Review by KasketDarkfyre

"Little better..little worse...still equals out to be an average game..."

As most fighting games go, there comes a time when you really need to start setting a trend and break away from the old mold in many aspects. Mortal Kombat is just one of those series that has undertaken so many face lifts and game play options that you really don’t know where one ended and another one began! Unfortunately, in Mortal Kombat 2, you take control of the old crew from the first, but with some immediate character appearance changes and several new characters who are new to the Mortal Kombat world. If you add into this that there are new stages that allow you fatalities and new ways to finish off your opponents as well as more brutal ways to do so, you’ll find that Mortal Kombat 2 is simply an upgrade of the original! With the changes in the visuals only, some of the game play options that were so popular in the first game are no longer available and that will come as something of a shock to fans of the first game.

Mortal Kombat! That pretty much says it all. Fighting at it's goriest (at the time anyway) with special moves galore, and finishing moves. It offers up new character, in place of taking out Kano and Sonya...adding them to the game's background in one of the stages. The newest additions to the game take place with the different ways that you can take out your opponents, depending on what it is that you want to do. With new moves and new characters replacing some of the older ones, you’ll find that the fresh change of roster can be something of a challenge with having to learn the new attacks and move sets!

Some of the stages have also been redone in order to allow you to finish off your opponent with something called a Background Fatality. This just allows for a little more variety between how you can finish off your opponent and is really a fresh change of pace. It does take away the Test your Might, and the Endurance rounds, in favor of adding more characters. This, in my opinion, takes away from variety in the game. Which is a downsizing in interest in some gamer’s eyes! The theory of adding more characters to the fray and taking out some interesting game play aspects that Mortal Kombat has to offer will turn several people off even in light of having a much ‘darker’ and more violent game!

The best control for a MK game yet. The Genesis 6-button controller was specifically designed for this game, and is easy to use, and easy to interface the special moves from. You really can't ask for sharper control than with this game! The addition of the run button wasn’t added in until the third installment, so you’re basically looking at two punches and two kicks as well as a blocking button to stop your opponent’s attacks. Again, as with the first Mortal Kombat, you have to input your directional pad motions and then hit the correct button in order to pull off a special move. The Fatalities are now done in such a way that you’ll be forced to use the block button in a few of them just to get the right effect and finish off your opponent in that good old fashioned gore-filled way!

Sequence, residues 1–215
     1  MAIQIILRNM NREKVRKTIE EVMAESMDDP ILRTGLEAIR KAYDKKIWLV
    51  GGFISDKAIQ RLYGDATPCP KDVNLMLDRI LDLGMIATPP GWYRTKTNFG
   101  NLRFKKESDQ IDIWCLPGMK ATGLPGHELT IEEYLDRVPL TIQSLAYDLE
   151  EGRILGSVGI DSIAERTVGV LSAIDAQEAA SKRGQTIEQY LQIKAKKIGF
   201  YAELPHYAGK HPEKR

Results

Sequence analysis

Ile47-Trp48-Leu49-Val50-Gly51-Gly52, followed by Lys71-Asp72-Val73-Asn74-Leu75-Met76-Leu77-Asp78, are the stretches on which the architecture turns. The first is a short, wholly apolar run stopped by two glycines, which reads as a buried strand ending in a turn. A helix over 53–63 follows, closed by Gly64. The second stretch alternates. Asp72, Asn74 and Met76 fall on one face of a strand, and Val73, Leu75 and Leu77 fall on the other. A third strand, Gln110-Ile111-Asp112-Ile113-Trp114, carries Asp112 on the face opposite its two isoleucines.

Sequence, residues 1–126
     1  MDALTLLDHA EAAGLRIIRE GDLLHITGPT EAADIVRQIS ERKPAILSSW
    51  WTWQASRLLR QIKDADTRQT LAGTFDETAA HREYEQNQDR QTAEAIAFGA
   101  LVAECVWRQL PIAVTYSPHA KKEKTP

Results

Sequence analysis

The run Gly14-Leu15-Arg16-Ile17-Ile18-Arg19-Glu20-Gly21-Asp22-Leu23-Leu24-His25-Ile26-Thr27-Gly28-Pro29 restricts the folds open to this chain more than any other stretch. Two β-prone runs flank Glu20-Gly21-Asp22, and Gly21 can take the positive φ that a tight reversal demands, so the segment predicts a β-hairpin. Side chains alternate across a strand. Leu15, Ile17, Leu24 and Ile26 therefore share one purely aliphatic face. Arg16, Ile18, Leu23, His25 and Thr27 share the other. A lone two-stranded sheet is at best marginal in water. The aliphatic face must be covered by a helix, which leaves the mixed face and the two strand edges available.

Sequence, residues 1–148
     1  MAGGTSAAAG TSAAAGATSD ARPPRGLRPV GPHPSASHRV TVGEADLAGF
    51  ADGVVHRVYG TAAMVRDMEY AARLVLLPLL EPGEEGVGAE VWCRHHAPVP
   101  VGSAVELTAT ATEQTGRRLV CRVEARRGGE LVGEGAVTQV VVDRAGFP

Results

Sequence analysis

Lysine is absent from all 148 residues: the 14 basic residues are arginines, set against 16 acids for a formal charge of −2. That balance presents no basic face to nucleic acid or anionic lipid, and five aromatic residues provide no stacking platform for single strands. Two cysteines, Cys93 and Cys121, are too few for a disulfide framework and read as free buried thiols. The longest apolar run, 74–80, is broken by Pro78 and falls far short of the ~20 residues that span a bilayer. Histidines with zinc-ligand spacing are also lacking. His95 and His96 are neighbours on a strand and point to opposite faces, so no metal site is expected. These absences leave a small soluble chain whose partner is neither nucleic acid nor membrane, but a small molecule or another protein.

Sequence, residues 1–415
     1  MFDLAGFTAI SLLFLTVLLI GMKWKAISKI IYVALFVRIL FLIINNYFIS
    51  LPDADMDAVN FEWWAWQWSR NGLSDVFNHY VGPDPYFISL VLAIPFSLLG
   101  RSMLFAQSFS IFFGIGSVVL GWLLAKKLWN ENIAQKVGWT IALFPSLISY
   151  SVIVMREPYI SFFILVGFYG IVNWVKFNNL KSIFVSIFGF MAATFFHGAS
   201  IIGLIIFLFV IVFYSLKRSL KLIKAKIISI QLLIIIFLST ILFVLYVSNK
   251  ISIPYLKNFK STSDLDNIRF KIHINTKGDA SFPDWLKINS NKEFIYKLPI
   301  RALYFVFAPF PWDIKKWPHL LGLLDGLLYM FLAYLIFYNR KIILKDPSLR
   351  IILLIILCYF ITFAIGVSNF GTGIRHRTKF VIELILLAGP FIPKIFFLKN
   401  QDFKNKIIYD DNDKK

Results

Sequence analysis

This game bent more towards speed instead of actual graphics, but it still came off fairly well. The game was hampered again unfortunately, by slow down and break down of animation when coming to fatalities and special moves! The characters were nicely drawn, although, again like with Mortal Kombat for the Genesis, and were pixilated with the limits of the Genesis's graphical engine. Not bad, but still, the SNES version looked 10x better than this version did. Some of the new characters just need to be seen to be believed with some of the most interesting and unique ideas that allow you to see just what Outworld has to offer! The fatalities are also much darker and in some cases, much more violent to watch than they were with the first Mortal Kombat, but these visuals come at the price of chopped up actions and moves.

The game music remained, as did the loud and sometimes fuzzy effects of someone yelling when being hit. This all adds up to something that you probably won't want to listen to after too long, it will, get on your nerves, and you will probably turn it off after a few rounds! The announcer is back and with a bit of a sinister edge to his voice than before, with all of the sound effects ranging from completely redone to simply ported over from the original Mortal Kombat. Something that is rather interesting is the impact sound effects which are timed almost correctly, even though with certain fights and otherwise, you’ll find that the sound doesn’t quite match the action it belongs to! These small problems all add up into a bigger mess of sound that doesn’t seem to get any better, but merely gets worse.

This isn't graphically as good as the SNES game, but it does have high points, such as speed...and control. It does lack in terms of innovation and sound though, but based on the system, the score given, is about right. It's a collector’s piece for MK fanatics that are without a doubt. But not really a weekend rental anymore. With games such as Tekken, and Soul Caliber, this game, much like the rest of Mortal Kombat, will be overlooked. If you’re a Genesis owner with collection in your blood, then this title is worth picking up if you haven’t already. For those of you who aren’t into the next generation systems {and I know you’re out there} then you may want to pick up the SNES version of the title first just to see which of the two you would rather have! Rental really isn’t an option anymore, so used game stores will have this title for a maximum of five bucks with no casing or anything else. Regardless, it’s worth picking up and it’s worth having if you’re a Mortal Kombatant.

Reviewer's Rating:   3.0 - Fair

Originally Posted: 02/23/00, Updated 11/23/01

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